Nick Petron [Department of Theatre professor and chair] asked me if I would like to take over the dance department. I thought it might be interesting. I had been a performer so it was not the easiest thing to try to organize a department. It was a learning curve for me. I found it very difficult in the beginning because it’s more regimented than I’m used to. I was kind of a free spirit. I find that I’m not a technical person, so to speak, I’m more of a mentor or a tutor. I always had the people that are good at teaching the technique. What was important for me [with teaching] was how to find your energy so that you’re not just on that stage speaking words or dancing steps. You have to include your audience so that they’re your partner. Some people will just dance for themselves and count and that’s the end of that. But you have to include the energy of the audience and your energy together, if that makes any sense.
I always believed that you have to give everyone that chance to find themselves on the stage. Some people were not physically proficient maybe in the technique but there was something about them that was interesting. I see people who physically are just gorgeous and dull. I’m not interested. And there are some people who are not quite as beautifully turned out but there’s something about them in their soul, or something they have about them, about their work, that they believe in.
And that’s what I go for when I teach. I think it’s important [to learn] not only the technique but what’s behind it. Are you telling this story? What are you trying to say? What is your body trying to say?
I have one piece called The Creation by James Weldon Johnson, where I do the movement and speak, that Geoffrey Holder, my husband, had choreographed for me when I was at Yale. And that was a time when my body was really good and I enjoyed that feeling of movement. But as time had gone by, the legs start going. You know change. Life is life. And I found I couldn’t do that arabesque anymore. And I would worry about it sometimes, and then I thought to myself, Oh, for Pete’s sake, it’s a solo. Who’s gonna know? The less I moved, the more I heard the words. It was very interesting. So now I can sit in one place and tell this story and get the words out because now I don’t need the movement anymore.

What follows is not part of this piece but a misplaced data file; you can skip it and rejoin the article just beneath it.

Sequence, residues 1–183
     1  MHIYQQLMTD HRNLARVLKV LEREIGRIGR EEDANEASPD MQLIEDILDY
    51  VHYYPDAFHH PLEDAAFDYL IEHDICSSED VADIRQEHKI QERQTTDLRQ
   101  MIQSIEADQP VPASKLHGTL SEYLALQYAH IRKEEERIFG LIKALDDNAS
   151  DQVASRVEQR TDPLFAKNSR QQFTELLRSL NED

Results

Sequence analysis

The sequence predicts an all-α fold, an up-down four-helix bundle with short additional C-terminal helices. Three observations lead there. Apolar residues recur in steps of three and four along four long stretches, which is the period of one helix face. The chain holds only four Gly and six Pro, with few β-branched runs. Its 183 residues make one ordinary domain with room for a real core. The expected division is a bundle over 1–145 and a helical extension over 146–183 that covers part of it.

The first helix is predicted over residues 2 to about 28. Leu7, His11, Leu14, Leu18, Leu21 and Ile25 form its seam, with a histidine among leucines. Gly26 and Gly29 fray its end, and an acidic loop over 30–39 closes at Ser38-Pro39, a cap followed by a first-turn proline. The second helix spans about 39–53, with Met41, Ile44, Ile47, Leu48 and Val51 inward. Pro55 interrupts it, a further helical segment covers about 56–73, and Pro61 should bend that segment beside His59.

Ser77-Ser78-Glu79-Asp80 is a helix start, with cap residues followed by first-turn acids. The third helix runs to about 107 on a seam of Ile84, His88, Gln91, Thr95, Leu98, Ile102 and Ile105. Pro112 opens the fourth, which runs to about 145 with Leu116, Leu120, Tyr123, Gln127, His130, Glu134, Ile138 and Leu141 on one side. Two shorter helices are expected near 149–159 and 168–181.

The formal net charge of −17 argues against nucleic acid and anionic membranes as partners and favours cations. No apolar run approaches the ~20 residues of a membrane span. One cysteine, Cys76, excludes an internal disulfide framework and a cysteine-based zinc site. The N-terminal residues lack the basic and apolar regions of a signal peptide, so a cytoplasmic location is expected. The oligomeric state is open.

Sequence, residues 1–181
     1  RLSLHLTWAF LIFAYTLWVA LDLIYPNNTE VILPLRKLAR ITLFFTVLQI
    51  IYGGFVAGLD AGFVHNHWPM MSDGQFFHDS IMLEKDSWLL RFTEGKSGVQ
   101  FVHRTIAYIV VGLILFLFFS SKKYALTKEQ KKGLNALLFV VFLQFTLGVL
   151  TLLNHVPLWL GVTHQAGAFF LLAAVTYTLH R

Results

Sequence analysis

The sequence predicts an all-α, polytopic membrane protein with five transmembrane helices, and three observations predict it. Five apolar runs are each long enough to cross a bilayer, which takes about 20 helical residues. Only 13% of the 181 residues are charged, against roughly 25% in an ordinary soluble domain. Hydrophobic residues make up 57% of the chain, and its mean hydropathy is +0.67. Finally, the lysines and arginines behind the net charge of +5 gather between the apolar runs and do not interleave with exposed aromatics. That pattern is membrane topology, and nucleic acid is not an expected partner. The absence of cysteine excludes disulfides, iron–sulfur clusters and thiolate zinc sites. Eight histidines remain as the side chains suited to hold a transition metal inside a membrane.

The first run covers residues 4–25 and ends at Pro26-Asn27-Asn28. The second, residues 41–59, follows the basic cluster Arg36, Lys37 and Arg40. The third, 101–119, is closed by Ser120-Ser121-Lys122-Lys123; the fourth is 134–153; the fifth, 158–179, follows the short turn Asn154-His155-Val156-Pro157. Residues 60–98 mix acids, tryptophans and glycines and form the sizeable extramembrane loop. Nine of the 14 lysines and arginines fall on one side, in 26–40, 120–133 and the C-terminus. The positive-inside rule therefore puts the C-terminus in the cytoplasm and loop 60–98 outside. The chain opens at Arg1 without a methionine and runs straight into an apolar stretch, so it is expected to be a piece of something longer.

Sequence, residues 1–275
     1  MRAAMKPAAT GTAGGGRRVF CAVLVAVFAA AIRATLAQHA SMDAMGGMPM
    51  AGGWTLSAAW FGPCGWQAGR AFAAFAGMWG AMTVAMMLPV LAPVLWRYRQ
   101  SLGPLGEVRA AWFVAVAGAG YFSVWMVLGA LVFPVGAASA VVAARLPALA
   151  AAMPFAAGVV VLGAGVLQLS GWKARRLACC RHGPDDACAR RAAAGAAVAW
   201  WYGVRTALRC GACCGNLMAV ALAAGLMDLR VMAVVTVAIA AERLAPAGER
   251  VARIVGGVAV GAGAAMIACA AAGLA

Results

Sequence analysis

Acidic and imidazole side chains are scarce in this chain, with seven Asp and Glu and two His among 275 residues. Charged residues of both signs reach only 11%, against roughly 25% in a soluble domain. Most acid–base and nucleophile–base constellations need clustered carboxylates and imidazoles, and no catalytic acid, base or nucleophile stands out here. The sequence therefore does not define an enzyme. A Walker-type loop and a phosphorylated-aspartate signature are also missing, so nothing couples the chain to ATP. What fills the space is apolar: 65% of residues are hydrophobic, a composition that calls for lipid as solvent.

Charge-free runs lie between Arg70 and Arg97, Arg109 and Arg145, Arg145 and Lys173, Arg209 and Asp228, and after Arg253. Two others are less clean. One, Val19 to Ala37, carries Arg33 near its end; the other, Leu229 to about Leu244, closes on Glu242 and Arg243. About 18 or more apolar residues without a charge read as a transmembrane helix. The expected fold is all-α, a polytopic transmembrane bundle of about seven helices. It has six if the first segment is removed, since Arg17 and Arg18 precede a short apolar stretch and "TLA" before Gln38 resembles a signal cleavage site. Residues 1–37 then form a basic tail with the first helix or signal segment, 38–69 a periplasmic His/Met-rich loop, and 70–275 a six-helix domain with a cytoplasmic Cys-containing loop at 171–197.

It’s not about the counts. It’s about what you have to say. And I always say, “What is your story? Give me the word. Your foot doesn’t point, it points for a reason. It has a word. It’s saying something.” Like I said, [dancers] don’t have words to express that, so the body has to be the words. And we have to make it very clear to the audience what the story is so they can be a part of the story.
Can you recall any of the students you taught here?
Oh my goodness! I can’t remember everybody. My mind is a blur right now but they know who they are. It was wonderful watching them grow. I just loved it! When you see somebody that starts kind of rough and they work so hard. You see the growth and each year they get better and better and better. What really makes you feel good is when they leave, they get these wonderful positions and own companies. And some went off to teach children’s classes. Sometimes they’re choreographers. Sometimes they’re people who can be a good assistant to someone who needs it. So there are all kinds of ways of using dance. Now, a lot of people use dance to help young people emotionally. You know who you are!